Mingus II, welded steel sculpture, was created by Brooklyn native Richard Heinrich. He listens to music as he works in his Tribeca studio, and the titles of his work often reflect the strong influences of Charles Mingus, Thelonious Monk and others.
Works by Richard Heinrich can be seen in the collections at The Donald M. Kendall Sculpture Gardens at PepsiCo in Purchase, New York; Jane Voorhees Zimmerli Art Museum at Rutgers University, New Brunswick campus; the New York Public Library in Manhattan; Herbert F. Johnson Museum of Art at Cornell University, Ithaca, New York; and at corporate headquarters and private homes across the country.
He has exhibited his sculptures at a variety of shows including the Boulder Museum of Contemporary Art in Colorado, the Cleveland Center for Contemporary Art in Ohio, Hofstra University in Hempstead on Long Island, Manhattan Community College, and at Pier Walk 98 in Chicago.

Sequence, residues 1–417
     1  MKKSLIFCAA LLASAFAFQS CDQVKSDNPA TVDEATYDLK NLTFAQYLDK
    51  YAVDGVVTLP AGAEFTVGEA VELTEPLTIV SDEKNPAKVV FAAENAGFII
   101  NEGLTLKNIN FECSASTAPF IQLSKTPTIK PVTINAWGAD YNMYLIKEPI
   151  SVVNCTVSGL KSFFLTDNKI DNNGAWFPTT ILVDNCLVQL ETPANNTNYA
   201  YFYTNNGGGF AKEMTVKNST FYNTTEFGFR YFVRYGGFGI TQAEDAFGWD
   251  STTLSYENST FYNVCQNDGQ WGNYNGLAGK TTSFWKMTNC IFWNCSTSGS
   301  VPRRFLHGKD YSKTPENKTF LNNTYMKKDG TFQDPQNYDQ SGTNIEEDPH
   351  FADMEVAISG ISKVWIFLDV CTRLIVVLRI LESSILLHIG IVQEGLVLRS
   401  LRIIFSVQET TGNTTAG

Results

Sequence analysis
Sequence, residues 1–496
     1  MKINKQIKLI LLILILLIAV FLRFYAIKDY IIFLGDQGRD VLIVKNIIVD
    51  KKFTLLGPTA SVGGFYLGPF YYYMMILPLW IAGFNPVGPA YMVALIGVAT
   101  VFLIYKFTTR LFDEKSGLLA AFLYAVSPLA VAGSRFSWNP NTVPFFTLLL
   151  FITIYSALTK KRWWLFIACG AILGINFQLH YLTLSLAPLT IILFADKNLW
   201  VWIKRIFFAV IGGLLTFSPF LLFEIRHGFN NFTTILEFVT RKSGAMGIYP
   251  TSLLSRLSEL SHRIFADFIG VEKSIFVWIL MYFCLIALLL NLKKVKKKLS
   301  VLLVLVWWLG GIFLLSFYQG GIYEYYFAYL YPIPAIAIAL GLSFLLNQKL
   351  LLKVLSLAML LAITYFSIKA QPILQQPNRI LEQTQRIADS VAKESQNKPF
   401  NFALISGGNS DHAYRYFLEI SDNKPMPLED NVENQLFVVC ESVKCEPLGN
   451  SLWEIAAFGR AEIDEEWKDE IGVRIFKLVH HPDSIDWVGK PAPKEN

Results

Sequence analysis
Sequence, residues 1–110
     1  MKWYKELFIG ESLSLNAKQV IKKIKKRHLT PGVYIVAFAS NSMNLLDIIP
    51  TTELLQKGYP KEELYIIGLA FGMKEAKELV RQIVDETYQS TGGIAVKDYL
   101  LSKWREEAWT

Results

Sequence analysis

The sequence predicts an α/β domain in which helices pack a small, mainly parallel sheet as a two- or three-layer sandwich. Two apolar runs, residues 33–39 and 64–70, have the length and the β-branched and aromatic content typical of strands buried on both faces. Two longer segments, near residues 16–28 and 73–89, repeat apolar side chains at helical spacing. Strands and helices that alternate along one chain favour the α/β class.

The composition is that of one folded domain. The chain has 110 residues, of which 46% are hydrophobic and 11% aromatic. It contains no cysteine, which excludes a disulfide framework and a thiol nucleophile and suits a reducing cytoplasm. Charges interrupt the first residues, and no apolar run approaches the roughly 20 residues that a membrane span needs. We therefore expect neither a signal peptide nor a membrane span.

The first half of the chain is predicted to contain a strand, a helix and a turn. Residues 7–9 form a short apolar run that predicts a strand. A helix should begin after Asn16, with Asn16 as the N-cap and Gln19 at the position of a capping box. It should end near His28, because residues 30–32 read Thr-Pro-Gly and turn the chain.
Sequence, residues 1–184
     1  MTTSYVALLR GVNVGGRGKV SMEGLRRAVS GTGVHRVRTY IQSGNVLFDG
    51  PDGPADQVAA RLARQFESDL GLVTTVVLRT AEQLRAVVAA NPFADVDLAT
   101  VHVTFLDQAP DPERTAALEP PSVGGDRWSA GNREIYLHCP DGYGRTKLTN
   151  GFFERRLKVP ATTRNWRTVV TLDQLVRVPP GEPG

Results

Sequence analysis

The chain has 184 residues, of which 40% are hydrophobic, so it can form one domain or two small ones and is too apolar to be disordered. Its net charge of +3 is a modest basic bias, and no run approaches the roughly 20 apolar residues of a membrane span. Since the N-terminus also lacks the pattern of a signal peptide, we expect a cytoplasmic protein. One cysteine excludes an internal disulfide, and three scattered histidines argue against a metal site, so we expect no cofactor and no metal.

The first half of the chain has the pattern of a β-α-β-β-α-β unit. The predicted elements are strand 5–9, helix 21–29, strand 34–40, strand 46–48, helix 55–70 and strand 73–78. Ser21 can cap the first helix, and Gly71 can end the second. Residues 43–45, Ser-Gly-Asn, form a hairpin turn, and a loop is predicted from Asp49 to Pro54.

Artist Statement: I have been a sculptor for more than five decades, working most of the time in steel. My grandfather founded the Heinrich Iron Works in 1905 in Brooklyn. My father, a civil engineer, passed on the construction affinity to me and as an art student I gravitated to the material. Steel is incredibly malleable and very strong. It can withstand stress and bad weather like no other sculpture material. Bronze is prone to rot and marble can chip and break. Wood can be carved but will burn and splinter. And as an added incentive steel is very inexpensive. My lower Manhattan studio and home afford me the opportunity to see and interact with the robust art environment in New York City. To have work in a sylvan glade in New Jersey is a pleasant contrast to the hurly burly of Manhattan.